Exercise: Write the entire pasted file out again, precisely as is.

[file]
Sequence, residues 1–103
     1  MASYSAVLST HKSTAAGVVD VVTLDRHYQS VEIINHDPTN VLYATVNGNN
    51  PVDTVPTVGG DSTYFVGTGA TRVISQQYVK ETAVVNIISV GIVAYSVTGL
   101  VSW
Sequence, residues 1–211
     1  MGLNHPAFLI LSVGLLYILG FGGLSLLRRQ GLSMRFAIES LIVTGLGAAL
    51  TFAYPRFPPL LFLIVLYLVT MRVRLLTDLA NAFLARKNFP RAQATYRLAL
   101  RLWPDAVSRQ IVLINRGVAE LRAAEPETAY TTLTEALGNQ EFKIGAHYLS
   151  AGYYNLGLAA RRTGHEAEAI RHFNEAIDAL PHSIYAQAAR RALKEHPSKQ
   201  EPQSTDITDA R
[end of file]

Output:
Sequence, residues 1–103
     1  MASYSAVLST HKSTAAGVVD VVTLDRHYQS VEIINHDPTN VLYATVNGNN
    51  PVDTVPTVGG DSTYFVGTGA TRVISQQYVK ETAVVNIISV GIVAYSVTGL
   101  VSW
Sequence, residues 1–211
     1  MGLNHPAFLI LSVGLLYILG FGGLSLLRRQ GLSMRFAIES LIVTGLGAAL
    51  TFAYPRFPPL LFLIVLYLVT MRVRLLTDLA NAFLARKNFP RAQATYRLAL
   101  RLWPDAVSRQ IVLINRGVAE LRAAEPETAY TTLTEALGNQ EFKIGAHYLS
   151  AGYYNLGLAA RRTGHEAEAI RHFNEAIDAL PHSIYAQAAR RALKEHPSKQ
   201  EPQSTDITDA R